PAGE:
AN INTERVIEW WITH URSULA LeGUIN
A.D. 1988.


©1988 Slawek Wojtowicz

ursula leguin

SW: An average Polish fan wouldn't be able to say much about Ursula LeGuin as a person. What could you tell us about your life?

ULG: My life is very ordinary, common place, middle class, quiet and hard-working. I enjoy it immensely. I do not find it appropriate to talk about it very much.

SW: Do you have any time left for other things besides writing?

ULG: Oh, yes.

SW: Can you tell us how your day time schedule looks like?

ULG: Ideal schedule:
5:30 a.m. - wake up and lie there and think.
6:15 a.m. - get up and eat breakfast (lots).
7:15 a.m. - get to work writing, writing, writing.
Noon - lunch.
1-3 p.m. - reading, music.
3-5 p.m. - correspondence, maybe house cleaning.
5-8 p.m. - make dinner and eat it.
After 8 p.m. - I tend to be very stupid and we won't talk about this.
I go to bed at 10:00 p.m. If I'm at the beach there would be one ore two long walks on the beach in that day. This is a perfect day for me.

SW: Is it a secret what are you working on now?

ULG: Yes and no, not really. I'm just revising the fourth and last volume of the Earthsea books.

SW: What are your plans for the future? What topics are you going to explore?

ULG: I don't know.

SW: Have you ever written any screenplays for SF movies?

ULG: Yes, " A Wizard of the Earthsea" (never produced).

SW: Have you heard about any other plans concerning screenplays for your novels?

ULG: Yes, I have written the screenplay for the "Left Hand of Darkness". "The Lathe of Heaven" was produced for television about 10 years ago. I did not write the script, but was involved in the production and am fond of the film.

SW: What do you think about SF and Fantasy art?

ULG: Not much.

SW: Do you like the covers of your books? Do you have any input in their design?

ULG: Most of the paperbacks are abominable. Some of the hard covers are very fine indeed. As I have become old and famous and nasty I have been able to get some control over what the artists do, but not very often.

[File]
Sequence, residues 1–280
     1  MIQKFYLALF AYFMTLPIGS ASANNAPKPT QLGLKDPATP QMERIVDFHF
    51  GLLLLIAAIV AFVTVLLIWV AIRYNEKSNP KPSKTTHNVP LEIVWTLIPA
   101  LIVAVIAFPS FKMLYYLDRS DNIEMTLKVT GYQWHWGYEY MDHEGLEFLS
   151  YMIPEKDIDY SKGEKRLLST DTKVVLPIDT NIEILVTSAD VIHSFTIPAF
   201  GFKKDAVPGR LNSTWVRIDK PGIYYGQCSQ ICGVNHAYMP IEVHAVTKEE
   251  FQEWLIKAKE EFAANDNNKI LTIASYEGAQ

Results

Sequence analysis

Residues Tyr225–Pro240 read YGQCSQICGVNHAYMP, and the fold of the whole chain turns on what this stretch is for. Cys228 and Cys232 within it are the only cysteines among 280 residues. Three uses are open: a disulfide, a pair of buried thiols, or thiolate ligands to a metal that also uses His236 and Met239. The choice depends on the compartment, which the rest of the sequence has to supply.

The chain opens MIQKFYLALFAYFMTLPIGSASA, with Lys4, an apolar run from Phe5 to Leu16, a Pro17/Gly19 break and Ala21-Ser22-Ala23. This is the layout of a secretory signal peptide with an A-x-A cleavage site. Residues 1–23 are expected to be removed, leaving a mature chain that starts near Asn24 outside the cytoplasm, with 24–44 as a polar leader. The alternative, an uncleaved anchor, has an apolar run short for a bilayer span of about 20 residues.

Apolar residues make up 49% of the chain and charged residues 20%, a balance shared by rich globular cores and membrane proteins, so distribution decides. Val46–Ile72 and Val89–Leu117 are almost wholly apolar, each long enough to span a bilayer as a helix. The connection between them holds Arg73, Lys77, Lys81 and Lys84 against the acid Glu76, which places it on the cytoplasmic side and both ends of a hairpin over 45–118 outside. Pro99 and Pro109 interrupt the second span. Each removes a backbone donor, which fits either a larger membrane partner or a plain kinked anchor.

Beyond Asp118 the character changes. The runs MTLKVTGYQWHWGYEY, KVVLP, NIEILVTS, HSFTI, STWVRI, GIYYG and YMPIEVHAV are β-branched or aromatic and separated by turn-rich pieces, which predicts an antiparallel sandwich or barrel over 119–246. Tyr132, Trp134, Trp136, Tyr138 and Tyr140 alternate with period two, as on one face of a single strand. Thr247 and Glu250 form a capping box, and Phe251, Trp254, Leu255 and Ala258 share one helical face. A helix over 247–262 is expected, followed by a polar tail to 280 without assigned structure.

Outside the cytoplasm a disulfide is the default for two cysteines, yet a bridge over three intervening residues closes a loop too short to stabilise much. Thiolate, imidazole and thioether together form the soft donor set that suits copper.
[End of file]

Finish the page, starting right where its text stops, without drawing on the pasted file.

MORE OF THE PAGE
SW: Do you have a favorite SF painter?

ULG: Alicia Austin.

SW: Have you ever tried to paint something yourself?

ULG: I have painted bathrooms, Easter eggs, my toe nails and many pieces of paper. None of them came out very good.

SW: What do you think about current trends in SF?

ULG: Not much.

SW: What do you like more: Fantasy or SF?

ULG: Oh, I cannot generalize this way. What I like is a good book. It doesn't matter whether it's fantasy or science-fiction, or War and Peace, or Pan Tadeusz. If it's good it's good. If it's not, it's not.

SW: What about comic strips? Would you agree with an opinion that this is also art?

ULG:Since I was about 12 years old, this has not been very important to me. No doubt it is also an art. Anything is an art if is done by an artist.

SW: What sort of SF do you like most?

ULG: Mine.

SW: Do you have any favorite SF or mainstream writers?

ULG: Yes, dozens of them. Poets, novelists, fantasists, childrens' writers, science fictioneers, writers, scientists, everything. You didn't ask me who my favorite 20th century novelist is. I will answer this question: Virginia Woolf.

SW: Do you have any vision of what the near future of Mankind has in store?

ULG: Trouble (this is an extremely reliable and infallible answer).